• Gerbier, Balthazar Sir (1650), The art of wellspeaking (The art of well speaking ed.), London: Printed for Robert Ibbitson


  1. ^ The date 1667 given on the tomb erected for him in Hamstead Marshall church, at a later date, seems to be incorrect, as his daughters were applying for alms in 1663, after his death (Colvin).
  2. ^ Balthazar Gerbier d'Ouvilly on Artnet
  3. ^ Quoted in Howard Colvin, A Biographical Dictionary of British Architects, 1600-1840, 3rd ed. (Yale University Press) 1995, s.v. "Gerbier, Sir Balthazar"; the architectural details in this article are based on Colvin.
  4. ^ a b Colvin 1995.
  5. ^ Gerbier's letter introducing himself to Buckingham with a calligraphic flourish survives in the Bodleian Library (MS Tanner 73).
  6. ^ His account presented in 1621 to the then marquis of Buckingham, in buying pictures in Italy and arranging their perilous transport, often rolled up in baize cloth and wrapped in waterproof cerecloth then boxed in cases that had to be carried by mule-train and even on porters' backs across an Alpine pass between Turin and Lyon, was discussed and printed by I. G. Philip, "Balthazar Gerbier and the Duke of Buckingham's Pictures" The Burlington Magazine 99 No. 650 (May 1957:155-156) and Lita-Rose Betcherman, "The York House Collection and its Keeper," Apollo (October 1970: 250-59).
  7. ^ Gerbier is one of the candidates for designer of the surviving York Water Gate that is the only surviving element.
  8. ^ Colvin 1995, following Gerbier's letters to Buckingham in the Bodleian.
  9. ^ Sir Balthazar Gerbier was also painted by Sir Anthony van Dyck.
  10. ^ "I have completed here nine years, remained my best time, and spent much in misery,amongst men who do not understand themselves, much less others, who may not give account of their actions to their own sovereign" (Gerbier to Peter Paul Rubens, 3 April 1640 O.S., translated by William Noel Sainsbury, Original Unpublished Papers Illustrative of the Life of Sir Peter Paul Rubens London, 1859:218f).
  11. ^ Cuvellier and Lefevre eds., Correspondance de la Cour d'Espagne (1927)
  12. ^ British Library, Add. Mss 32093, noted by Colvin 1995.


External links

  • Buckingham's Man: Balthazar Gerbier, A Renaissance Man in 17th Century England by Lita-Rose Betcherman. E-book. Sample 50% of content for free. [1]

4 Annotations

TerryF  •  Link

Sir Balthasar Gerbier, born c1591 in Middleburg [d 1667], acquired his artistic training in Germany, and came over to England with the Dutch ambassador in 1616 as an architect, decorator, portraitist and general art adviser. He was engaged by the Duke of Buckingham to advise upon and negotiate the formation of his vast art collections, to decorate his houses, and almost certainly to build York House. After the Duke’s death in 1628, he was naturalised and entered the service of Charles I as an envoy to the Netherlands, a role for which he was knighted in 1638. In addition to practising as an artist, he wrote numerous pamphlets and in 1649 opened an Academy which offered instruction in a variety of subjects from art to courtly manners. Counsel and Advice is prefaced by forty dedicatory epistles to the good and the great, of which Pepys wrote “are more than the book itself; and both it and them not worth a turd that I am ashamed that I bought it.”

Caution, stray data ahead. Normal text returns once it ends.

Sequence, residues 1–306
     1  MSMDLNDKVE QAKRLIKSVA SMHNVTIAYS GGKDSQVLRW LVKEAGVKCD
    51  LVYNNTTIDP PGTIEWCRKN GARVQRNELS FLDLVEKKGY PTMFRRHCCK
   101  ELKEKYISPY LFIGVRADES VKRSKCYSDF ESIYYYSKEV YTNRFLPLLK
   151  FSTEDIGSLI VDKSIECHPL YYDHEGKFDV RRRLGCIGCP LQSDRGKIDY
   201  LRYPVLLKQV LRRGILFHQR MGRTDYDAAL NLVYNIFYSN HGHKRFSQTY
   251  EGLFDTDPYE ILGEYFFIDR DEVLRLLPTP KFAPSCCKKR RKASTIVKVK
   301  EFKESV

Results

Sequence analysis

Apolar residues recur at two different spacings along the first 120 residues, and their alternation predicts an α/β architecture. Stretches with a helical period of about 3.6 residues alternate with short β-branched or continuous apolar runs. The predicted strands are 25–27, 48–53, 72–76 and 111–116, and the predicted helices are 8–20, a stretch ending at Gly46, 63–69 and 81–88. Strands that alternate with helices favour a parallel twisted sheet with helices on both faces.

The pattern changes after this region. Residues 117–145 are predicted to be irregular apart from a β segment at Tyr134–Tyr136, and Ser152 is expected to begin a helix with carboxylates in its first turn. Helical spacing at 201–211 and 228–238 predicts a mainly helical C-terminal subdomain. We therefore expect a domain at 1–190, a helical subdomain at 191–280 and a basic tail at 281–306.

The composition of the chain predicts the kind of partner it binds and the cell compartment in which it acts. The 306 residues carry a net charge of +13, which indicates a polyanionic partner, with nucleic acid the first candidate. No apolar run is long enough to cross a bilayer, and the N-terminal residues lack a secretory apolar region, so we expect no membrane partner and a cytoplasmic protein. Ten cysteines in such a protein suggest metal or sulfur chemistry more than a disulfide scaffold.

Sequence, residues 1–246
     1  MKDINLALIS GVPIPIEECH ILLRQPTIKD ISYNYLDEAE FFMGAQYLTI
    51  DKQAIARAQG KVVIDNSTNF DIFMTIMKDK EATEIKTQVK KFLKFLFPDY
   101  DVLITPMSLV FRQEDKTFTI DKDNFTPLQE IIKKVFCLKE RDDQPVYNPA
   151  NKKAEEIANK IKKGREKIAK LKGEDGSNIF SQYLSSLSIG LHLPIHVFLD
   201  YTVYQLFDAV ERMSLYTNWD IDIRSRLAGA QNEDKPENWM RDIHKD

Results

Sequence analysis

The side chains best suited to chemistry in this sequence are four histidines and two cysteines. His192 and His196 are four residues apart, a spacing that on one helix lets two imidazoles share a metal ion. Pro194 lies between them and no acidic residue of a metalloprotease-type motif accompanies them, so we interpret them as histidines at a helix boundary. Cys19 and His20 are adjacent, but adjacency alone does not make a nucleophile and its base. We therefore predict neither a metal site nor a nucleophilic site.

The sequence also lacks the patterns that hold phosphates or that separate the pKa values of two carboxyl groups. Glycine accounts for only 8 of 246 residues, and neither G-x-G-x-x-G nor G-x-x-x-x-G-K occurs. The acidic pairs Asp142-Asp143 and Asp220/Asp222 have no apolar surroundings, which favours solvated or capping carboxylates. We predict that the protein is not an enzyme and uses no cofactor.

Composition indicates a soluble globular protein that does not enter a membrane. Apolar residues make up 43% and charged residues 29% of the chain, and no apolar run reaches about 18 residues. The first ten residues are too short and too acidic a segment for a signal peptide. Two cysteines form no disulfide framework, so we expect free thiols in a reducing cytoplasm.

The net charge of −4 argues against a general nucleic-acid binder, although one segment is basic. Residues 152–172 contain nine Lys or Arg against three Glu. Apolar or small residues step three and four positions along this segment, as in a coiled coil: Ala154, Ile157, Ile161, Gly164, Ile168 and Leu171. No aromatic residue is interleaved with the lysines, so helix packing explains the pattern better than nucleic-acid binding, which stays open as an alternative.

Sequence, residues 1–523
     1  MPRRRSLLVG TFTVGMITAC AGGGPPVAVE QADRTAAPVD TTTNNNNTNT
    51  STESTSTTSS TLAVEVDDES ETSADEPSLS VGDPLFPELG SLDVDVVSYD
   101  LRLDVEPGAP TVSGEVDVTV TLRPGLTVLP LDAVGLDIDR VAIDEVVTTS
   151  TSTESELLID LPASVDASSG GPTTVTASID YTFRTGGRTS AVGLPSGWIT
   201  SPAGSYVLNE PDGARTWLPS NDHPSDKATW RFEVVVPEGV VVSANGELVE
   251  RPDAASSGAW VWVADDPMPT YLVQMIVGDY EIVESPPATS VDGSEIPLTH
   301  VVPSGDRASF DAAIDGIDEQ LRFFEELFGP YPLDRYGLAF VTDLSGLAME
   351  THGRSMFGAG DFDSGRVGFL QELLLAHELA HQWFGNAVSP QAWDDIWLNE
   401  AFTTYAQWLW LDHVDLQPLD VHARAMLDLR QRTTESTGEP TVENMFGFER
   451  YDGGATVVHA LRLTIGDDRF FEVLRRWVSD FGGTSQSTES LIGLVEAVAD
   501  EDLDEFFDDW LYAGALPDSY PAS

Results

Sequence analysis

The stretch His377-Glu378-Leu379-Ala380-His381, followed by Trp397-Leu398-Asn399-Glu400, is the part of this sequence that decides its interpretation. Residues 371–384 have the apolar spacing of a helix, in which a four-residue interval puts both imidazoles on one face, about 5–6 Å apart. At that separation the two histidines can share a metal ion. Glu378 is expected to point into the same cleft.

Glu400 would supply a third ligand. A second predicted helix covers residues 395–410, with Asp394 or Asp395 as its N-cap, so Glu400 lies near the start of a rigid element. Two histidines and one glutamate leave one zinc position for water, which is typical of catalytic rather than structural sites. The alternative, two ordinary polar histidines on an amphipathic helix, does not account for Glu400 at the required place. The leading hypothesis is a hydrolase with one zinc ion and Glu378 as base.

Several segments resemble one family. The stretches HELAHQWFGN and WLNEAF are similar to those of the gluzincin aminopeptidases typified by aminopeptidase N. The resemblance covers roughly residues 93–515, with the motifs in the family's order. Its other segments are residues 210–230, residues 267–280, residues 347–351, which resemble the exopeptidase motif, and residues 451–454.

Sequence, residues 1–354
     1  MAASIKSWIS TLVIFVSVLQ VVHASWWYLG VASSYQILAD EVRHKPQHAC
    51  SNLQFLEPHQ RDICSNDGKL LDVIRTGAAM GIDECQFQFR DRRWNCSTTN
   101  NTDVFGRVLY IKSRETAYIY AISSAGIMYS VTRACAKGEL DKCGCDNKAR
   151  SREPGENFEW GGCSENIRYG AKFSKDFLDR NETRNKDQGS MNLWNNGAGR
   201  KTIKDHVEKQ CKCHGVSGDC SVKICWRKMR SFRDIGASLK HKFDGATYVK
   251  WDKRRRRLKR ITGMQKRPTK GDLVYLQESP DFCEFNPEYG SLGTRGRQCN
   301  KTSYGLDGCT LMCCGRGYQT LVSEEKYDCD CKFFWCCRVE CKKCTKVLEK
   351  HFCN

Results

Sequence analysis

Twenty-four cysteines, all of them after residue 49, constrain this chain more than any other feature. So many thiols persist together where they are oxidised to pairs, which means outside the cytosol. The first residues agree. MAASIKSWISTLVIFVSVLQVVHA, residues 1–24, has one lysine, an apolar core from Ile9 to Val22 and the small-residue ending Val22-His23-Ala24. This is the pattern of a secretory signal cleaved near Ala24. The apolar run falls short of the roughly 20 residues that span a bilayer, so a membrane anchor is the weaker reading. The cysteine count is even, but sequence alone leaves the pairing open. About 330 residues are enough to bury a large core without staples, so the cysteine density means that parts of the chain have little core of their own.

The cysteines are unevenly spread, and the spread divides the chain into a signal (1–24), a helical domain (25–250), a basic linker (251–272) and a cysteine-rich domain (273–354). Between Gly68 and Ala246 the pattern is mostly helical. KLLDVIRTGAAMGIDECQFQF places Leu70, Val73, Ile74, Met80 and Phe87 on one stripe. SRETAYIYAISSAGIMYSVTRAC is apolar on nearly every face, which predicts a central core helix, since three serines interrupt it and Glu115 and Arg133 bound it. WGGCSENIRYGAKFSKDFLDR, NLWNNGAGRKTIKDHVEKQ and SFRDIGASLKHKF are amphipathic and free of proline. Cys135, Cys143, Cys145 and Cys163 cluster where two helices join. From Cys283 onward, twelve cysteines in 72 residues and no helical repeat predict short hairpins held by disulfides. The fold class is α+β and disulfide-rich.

Bill  •  Link

Sir BALTHASAR GERBIER was promised, as he tells us himself, the place of surveyor-general of the works, upon the decease of lnigo Jones. After the death of Charles, he was very attentive to the business of his academy, which he had erected at Bethnal-green "for foreign languages, and all noble sciences and "and exercises" Butler has ridiculed this academy, in his fictitious "Will of Philip earl of Pembroke" who bequeaths "all his other speeches, of what kind soever, to the academy, to help Sir Balthasar's art of well-speaking." As this project did not answer his expectation, he went to Surinam in the time of the usurpation, and is supposed to have returned to England with Charles 11. as he is said to have designed the triumphal arches erected for the reception of that prince. In 1663, he published a small treatise, entitled, "Counsel and Advice to all Builders;" to which he has prefixed no less than forty dedications. He died at Hempsted Marshal, the seat of lord Craven, of which he drew the plan, and lies buried in the chancel of the church.
---A Biographical History of England. J. Granger, 1775.

Bill  •  Link

Sir Balthazar Gerbier, a native of Antwerp, who resided many years in this country, and died here in 1667. He published many works connected with architecture, and was as much a painter as an architect. In the "Parliamentary Intelligencer" are several advertisements of lectures given by him at his academy in Whitefriars, in 1649-50, on all sorts of subjects, in all sorts of languages, with an entertainment of music, "so there be time for the same."
---Diary and correspondence of Samuel Pepys, the diary deciphered by J. Smith. 1854.

Bill  •  Link

GERBIER, Sir BALTHAZAR (1591?-1667), painter, architect, and courtier; native of Middelburg; came to England, 1616, becoming keeper of York House and collector for Buckingham; accompanied Buckingham to Spain, 1623, and Paris, 1625; negotiated with Rubens for a peace with Spain, 1625-7; entered service of Charles I and was knighted, 1628; trusted agent of the king at Brussels, 1631, but betrayed for money his negotiations with the Flemish nobles, 1633; became master of the ceremonies, 1641; his house at Bethnal Green attacked by mob as supposed asylum for papists, 1642; retired to France, 1643; returned to England after the king's execution; engaged in mining projects at Cayenne, 1659-60; returned to England, but, being unable to regain his position at court, turned his attention to architecture; a miniature by him of Charles I preserved at South Kensington.
---Dictionary of National Biography: Index and Epitome. S. Lee, 1906.

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Chart showing the number of references in each month of the diary’s entries.